August report: JSE follows global equity markets lower

Last month the South African stock market followed global equity markets lower (the FTSE/JSE Capped SWIX Index was down 4.8% month-on-month (MoM)), leaving local equities only slightly positive, up 2.8%, for the year-to-date (YTD) at end August.

Mining stocks were the biggest drag on the JSE in August, down 9% MoM, as weak Chinese economic activity weighed on metal prices. Platinum miners were by far the worst of a bad bunch, falling 20% MoM, as the major platinum miners all reported disappointing results, characterised by weak volumes and elevated costs.


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Investment conglomerates Naspers and Prosus (-8.2% MoM in aggregate) also weighed heavily on the local bourse, as their largest underlying investment, Chinese tech conglomerate Tencent, fell 7.3% MoM in Hong Kong dollar terms.

British American Tobacco (+4.9% MoM) and AB InBev (+5.5% MoM) were among the biggest positive contributors to the JSE’s performance in August, thanks in large part to the currency tailwind (the rand fell 5.4% MoM against the US dollar).

Despite the poor month for stocks, some of the local blue-chip financial counters eked out a positive performance in August (FirstRand +0.8%, Investec +3.2%, Standard Bank +1.2% and Sanlam +3.6%).

Local education companies were also a rare bright spot, after releasing strong results with solid double-digit earnings growth (Stadio +20%, Curro +16% and AdvTech +11%).

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SA inflation data showed price growth slowing faster than anticipated to 4.7% YoY in July (relative to expectations for a 4.9% YoY print), as inflation slowed towards the mid-point of the SA Reserve Bank’s range, reaching the lowest level in two years.

Despite slowing domestic inflation, concerns around the prospects of continued global central bank tightening dominated local yield fluctuations.

As US 10-year rates hit a 16-year high mid-month, SA 10-year government bond yields pushed above 12% p.a. before settling at 11.7% p.a. at month end.

While all major currencies (except for the Turkish lira) were weaker against the US dollar in August, the rand’s 5.4% MoM decline was only topped by the Argentine peso (-19.4% MoM), and it leaves the local currency down 9.6% YTD (end August).

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World equity markets stumble …

Global equity markets stumbled in August (MSCI World -2.3% MoM) but remained solidly in positive territory YTD (MSCI World +16.6% YTD to end August).

Despite the bulk of the year’s equity market returns coming from US-domiciled, mega-cap tech and chip companies, this area of the market still held up relatively well (S&P 500 -1.6% MoM, NYSE Fang+ Index -2.5% MoM). The S&P 500’s second-quarter corporate results season wrapped up with earnings marginally down (-2.6% YoY) but circa 6% ahead of consensus analyst expectations.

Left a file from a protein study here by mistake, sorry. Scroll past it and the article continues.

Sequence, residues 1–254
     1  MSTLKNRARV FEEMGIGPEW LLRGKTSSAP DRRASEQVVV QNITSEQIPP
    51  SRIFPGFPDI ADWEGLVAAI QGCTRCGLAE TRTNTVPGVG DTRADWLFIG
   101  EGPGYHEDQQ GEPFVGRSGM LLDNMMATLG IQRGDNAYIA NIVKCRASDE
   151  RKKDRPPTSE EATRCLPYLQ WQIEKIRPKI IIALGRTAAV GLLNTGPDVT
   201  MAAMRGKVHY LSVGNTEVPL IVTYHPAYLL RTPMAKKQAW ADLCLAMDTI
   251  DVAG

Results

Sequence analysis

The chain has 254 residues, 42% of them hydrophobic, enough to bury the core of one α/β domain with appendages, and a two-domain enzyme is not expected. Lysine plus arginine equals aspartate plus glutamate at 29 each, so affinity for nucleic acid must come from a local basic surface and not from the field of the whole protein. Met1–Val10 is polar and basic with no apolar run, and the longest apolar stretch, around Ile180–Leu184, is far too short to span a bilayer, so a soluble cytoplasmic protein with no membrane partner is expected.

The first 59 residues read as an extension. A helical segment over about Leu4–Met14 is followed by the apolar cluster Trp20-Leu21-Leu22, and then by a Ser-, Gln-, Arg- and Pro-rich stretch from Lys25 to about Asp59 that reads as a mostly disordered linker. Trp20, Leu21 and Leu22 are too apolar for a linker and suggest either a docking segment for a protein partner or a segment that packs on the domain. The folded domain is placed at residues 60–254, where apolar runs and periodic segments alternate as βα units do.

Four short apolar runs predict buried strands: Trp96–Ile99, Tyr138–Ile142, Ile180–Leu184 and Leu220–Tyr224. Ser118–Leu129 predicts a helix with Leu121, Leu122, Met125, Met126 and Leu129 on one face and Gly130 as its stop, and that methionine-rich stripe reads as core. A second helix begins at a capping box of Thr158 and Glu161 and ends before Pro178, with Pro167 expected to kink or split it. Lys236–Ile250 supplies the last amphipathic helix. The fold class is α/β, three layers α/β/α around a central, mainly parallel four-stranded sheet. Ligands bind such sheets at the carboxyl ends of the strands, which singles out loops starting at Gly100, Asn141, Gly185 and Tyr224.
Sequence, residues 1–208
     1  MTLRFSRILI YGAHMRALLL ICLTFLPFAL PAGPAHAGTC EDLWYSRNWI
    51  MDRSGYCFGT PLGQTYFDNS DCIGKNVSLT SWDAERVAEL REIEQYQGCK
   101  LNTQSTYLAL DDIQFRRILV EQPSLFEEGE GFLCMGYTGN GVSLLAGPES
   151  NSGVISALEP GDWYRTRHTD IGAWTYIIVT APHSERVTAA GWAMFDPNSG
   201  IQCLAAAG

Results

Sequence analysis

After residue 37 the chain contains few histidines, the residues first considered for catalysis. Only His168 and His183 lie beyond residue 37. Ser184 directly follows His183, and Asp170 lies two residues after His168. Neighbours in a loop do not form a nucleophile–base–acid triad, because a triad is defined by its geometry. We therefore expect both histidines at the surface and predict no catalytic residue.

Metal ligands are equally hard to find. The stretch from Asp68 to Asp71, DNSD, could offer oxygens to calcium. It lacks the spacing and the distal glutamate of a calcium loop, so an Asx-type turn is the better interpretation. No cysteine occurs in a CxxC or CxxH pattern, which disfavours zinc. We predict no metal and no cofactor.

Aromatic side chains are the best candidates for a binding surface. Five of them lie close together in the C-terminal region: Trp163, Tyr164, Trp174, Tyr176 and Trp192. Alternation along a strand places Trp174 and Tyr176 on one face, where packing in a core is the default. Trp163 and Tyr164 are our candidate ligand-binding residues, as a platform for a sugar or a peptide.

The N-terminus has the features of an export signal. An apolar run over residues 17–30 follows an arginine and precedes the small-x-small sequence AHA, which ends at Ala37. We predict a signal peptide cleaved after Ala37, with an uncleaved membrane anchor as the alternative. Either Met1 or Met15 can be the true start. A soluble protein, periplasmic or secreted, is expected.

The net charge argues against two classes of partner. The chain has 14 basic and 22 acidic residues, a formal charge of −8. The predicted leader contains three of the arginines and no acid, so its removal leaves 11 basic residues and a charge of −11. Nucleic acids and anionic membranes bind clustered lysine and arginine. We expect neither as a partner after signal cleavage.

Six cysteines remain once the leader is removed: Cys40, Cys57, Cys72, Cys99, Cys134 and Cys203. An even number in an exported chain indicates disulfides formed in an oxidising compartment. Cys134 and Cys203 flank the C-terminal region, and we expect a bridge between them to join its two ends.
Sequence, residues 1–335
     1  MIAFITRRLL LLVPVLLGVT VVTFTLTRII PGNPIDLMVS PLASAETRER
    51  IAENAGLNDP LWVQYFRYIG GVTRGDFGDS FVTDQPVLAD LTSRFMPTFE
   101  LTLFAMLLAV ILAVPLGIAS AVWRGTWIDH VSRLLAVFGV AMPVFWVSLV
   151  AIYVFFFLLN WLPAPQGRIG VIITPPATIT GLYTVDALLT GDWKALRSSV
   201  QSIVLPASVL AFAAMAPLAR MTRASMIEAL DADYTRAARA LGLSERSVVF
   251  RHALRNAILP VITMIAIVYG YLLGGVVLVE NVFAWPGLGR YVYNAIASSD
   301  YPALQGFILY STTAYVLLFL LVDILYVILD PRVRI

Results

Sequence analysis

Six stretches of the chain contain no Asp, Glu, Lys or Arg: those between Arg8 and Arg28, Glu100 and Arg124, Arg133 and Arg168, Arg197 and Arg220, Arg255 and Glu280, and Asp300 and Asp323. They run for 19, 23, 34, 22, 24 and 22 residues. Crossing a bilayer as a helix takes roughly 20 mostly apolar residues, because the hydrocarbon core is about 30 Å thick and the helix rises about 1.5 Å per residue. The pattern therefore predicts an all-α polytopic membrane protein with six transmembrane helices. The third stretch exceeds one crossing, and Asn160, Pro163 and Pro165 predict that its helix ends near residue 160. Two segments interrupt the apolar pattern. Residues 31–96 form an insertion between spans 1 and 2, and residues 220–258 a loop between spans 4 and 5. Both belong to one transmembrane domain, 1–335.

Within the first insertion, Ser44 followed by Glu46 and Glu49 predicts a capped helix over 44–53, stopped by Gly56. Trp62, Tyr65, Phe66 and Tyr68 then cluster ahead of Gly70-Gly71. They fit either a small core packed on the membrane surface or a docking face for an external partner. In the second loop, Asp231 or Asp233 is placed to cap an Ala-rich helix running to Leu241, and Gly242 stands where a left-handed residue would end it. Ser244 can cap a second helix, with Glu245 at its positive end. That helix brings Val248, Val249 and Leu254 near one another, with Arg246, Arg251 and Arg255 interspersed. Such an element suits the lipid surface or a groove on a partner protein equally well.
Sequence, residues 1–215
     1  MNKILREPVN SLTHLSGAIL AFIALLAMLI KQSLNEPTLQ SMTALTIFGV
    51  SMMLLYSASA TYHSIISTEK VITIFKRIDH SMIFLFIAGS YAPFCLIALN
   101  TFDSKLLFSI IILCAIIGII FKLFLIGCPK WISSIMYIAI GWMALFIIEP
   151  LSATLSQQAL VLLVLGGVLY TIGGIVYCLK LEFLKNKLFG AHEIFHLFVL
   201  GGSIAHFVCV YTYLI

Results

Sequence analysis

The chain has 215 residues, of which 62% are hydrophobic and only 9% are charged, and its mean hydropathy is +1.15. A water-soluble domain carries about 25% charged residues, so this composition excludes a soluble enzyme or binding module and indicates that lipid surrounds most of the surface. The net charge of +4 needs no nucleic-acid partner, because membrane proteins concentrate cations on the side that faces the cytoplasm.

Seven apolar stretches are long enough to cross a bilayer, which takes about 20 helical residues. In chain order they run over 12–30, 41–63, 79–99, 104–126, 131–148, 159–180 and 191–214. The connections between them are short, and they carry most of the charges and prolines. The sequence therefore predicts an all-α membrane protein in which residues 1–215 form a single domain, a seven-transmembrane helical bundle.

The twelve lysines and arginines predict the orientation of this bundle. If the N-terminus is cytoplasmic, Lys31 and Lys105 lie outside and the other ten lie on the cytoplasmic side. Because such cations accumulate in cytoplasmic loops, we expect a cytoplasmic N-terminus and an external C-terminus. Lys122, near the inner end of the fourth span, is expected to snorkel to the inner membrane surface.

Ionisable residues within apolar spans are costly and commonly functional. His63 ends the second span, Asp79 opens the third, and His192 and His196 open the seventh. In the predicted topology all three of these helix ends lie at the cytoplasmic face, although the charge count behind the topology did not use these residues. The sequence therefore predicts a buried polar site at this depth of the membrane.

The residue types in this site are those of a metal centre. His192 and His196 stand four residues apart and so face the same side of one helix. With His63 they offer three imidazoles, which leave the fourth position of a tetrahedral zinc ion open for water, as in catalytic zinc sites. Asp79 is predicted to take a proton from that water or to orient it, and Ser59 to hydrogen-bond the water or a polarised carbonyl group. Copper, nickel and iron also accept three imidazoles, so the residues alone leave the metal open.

A key headwind for risk assets in August was rising yields, with the US 10-year bond yield reaching its highest level since 2007 by mid-month (4.35%), before retreating slightly to 4.1% into month-end.

The yield-sensitive sectors were unsurprisingly the worst-performing cohort in August, with the real estate, consumer staples and utility sectors of the S&P 500 Index down 3%, 3.6% and 6.2% MoM, respectively. Energy shares (+1.8% MoM) were the best-performing sector for a second consecutive month, as Brent crude oil (+1.5% MoM) clawed its way back into positive territory for the year (+1.1% YTD – end August).

European stocks struggled in August (-5.3% MoM in US dollar terms), particularly the luxury goods companies, which are heavily geared towards Chinese consumers, with Chinese economic activity continuing to disappoint in August.

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The latest data showed that Chinese economic activity is still struggling to recover meaningfully post-Covid-19, with disappointing retail sales, prices slipping into deflation and falling real estate activity.

Emerging market (EM) stocks (MSCI EM -6.1% MoM) fared even worse than those in developed markets, with Chinese companies the biggest drag – particularly those listed offshore, with the indices of Chinese companies in Hong Kong and the US falling by 8.7% and 10.3% MoM, respectively, in US dollar terms.

Weak Chinese economic activity also weighed on commodity prices (Bloomberg Industrial Metals Index -5.1% MoM).

The higher global yields were catalysed by stronger than anticipated US economic activity and consistent rhetoric from US Federal Reserve (Fed) members (via the release of the latest Fed minutes and then through the speakers at the global central bankers’ conference in Jackson Hole) that there is still room for more rate hikes with upside risks to inflation.

Higher rates dragged the US dollar with them, leaving the greenback stronger against all major currencies (except the Turkish lira, which was up 1% MoM but is still down 30% YTD to the end of August).

Peter Little is fund manager at Anchor Capital.

* This is a combined and edited version of Little’s latest commentary on local and global market performance for August.